This office of the future offers momentary injections of speed, but otherwise doesn’t look much different from the office of the past, or of today. It still involves a deluge of meetings and emails, overbearing bosses and redundant paperwork, as well as more advanced versions of data exploitation, workplace surveillance, and other forms of power asymmetry. Indeed, if we look at Mark Zuckerberg’s metaverse, we find decades-old slogans like the “embodied” internet, dressed up in sedate virtual avatars that look straight out of a fossilized CD-ROM drive. The result is that the metaverse office — if it ever gets built at all — is likely to retain the same pointless drudgery and power imbalances, topped up with the hate speech and abuse that runs amok on Facebook and is already being found in Facebook’s VR headset applications. In the metaverse future, there are more apps, more videos, more microtransactions; more surveillance, more hate speech, more optimization for data collection and behavioral manipulation.
From Liveboard to the Metaverse, an outer shell of sleeker interfaces and slicker functions is constantly renewed — and that novelty is exactly what helps sustain the same old dynamics beneath. Worker surveillance is worker surveillance, whether conducted through old-school CCTVs or new “AI-driven” webcam software on the worker’s own laptop. Such “innovations” tend to accompany the moralizing injunction that to be a productive worker or a good citizen is to internalize these systems of measurement. When it is the only future we have known, it becomes harder to ask why.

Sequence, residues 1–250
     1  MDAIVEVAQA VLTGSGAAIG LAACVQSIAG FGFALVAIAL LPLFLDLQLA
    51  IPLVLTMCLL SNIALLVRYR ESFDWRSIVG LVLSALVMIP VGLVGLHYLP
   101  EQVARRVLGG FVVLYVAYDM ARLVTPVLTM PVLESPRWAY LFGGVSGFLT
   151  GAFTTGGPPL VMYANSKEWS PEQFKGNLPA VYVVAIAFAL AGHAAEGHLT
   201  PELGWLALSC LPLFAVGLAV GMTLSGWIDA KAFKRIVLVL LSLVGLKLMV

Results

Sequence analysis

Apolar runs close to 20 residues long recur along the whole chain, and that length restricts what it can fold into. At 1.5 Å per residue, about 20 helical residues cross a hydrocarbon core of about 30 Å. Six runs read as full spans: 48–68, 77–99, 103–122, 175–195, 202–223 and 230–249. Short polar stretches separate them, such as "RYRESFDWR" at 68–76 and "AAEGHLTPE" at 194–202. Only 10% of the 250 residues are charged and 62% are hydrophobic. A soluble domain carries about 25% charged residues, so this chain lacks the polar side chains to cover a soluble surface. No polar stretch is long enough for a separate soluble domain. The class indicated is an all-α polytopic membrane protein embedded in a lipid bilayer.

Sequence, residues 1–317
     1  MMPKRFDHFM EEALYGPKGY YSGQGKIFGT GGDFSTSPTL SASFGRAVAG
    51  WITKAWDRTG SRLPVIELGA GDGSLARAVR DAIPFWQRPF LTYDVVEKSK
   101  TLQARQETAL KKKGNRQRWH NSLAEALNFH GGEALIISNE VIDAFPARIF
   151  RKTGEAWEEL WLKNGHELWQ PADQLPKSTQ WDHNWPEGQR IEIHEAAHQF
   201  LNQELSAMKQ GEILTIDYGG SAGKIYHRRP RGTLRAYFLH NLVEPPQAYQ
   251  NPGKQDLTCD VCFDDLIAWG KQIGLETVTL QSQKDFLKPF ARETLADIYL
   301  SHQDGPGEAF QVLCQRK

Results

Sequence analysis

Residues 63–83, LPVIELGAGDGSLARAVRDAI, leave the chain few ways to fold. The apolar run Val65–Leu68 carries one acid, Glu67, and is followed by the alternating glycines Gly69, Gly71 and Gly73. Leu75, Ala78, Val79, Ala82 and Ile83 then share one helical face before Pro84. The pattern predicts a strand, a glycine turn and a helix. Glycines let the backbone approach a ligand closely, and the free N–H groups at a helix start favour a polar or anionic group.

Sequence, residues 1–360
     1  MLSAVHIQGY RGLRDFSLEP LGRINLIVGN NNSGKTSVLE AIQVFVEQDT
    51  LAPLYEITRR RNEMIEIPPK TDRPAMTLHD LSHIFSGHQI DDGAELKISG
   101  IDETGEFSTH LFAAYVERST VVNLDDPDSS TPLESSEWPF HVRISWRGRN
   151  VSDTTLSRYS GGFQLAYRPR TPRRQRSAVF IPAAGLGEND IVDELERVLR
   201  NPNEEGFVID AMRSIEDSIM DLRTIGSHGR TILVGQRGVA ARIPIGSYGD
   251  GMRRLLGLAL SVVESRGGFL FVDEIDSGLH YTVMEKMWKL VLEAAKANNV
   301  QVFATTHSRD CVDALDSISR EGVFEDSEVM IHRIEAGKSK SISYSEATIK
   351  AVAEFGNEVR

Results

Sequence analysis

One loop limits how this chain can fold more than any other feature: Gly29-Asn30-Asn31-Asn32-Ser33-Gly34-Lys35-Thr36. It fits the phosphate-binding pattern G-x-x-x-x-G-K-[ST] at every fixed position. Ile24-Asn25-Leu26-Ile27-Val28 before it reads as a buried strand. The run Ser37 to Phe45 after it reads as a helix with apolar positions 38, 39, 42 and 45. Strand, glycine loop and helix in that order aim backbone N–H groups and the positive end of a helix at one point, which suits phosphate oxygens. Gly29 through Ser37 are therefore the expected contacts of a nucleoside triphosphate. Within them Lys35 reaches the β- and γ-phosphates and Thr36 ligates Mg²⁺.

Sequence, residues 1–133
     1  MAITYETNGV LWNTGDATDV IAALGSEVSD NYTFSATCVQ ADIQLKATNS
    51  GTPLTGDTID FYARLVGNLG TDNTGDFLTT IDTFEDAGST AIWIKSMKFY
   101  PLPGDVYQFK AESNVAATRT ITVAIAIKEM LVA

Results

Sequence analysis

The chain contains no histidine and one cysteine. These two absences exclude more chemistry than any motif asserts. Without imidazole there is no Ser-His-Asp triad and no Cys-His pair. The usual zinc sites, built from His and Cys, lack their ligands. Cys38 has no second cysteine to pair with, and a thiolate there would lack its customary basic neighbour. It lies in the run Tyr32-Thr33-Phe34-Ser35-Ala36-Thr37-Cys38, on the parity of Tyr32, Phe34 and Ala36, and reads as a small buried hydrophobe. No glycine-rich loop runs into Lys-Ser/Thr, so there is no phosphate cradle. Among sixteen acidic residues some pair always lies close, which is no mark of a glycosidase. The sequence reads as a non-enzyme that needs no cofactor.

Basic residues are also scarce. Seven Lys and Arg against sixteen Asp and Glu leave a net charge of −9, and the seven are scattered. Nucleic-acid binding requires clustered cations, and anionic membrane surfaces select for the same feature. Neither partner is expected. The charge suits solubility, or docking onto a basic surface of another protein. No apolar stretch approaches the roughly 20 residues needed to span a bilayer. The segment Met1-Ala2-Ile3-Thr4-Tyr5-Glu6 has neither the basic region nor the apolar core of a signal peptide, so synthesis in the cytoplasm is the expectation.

For decades, technological futures have been obsessed with frictionless convenience. For the Jetsons in their Googie-themed universe, the pneumatic tube emblematizes the promise of instantaneity, delivering people, food, and data with equal efficiency. Today, we might talk about delivery robots, such as the four-wheeled Kiwibot — which turned out to be controlled by student workers in Colombia. While the truly automated future never quite arrives, the dream is perpetually tended by an ever-increasing population of badly paid, and badly treated ghost workers.
These recurring technofutures perpetuate a familiar equation in which convenience equals freedom — and to be free is to have things for free, not just in terms of the dollar cost, but the erasure of time, space, and human labor. In this vision, we are invited to be the “greedy” user that can have their cake and eat it too: maximally served by technology, and maximally insulated from its consequences. But as we have seen with reports of Big Tech turning to refugee camp labor for “clickwork” to service its machine learning systems, or the plight of precarious gig workers, the reduction of “friction” is often achieved not by an absolute elimination of costs, but their displacement onto the kinds of people and labor that are rendered invisible.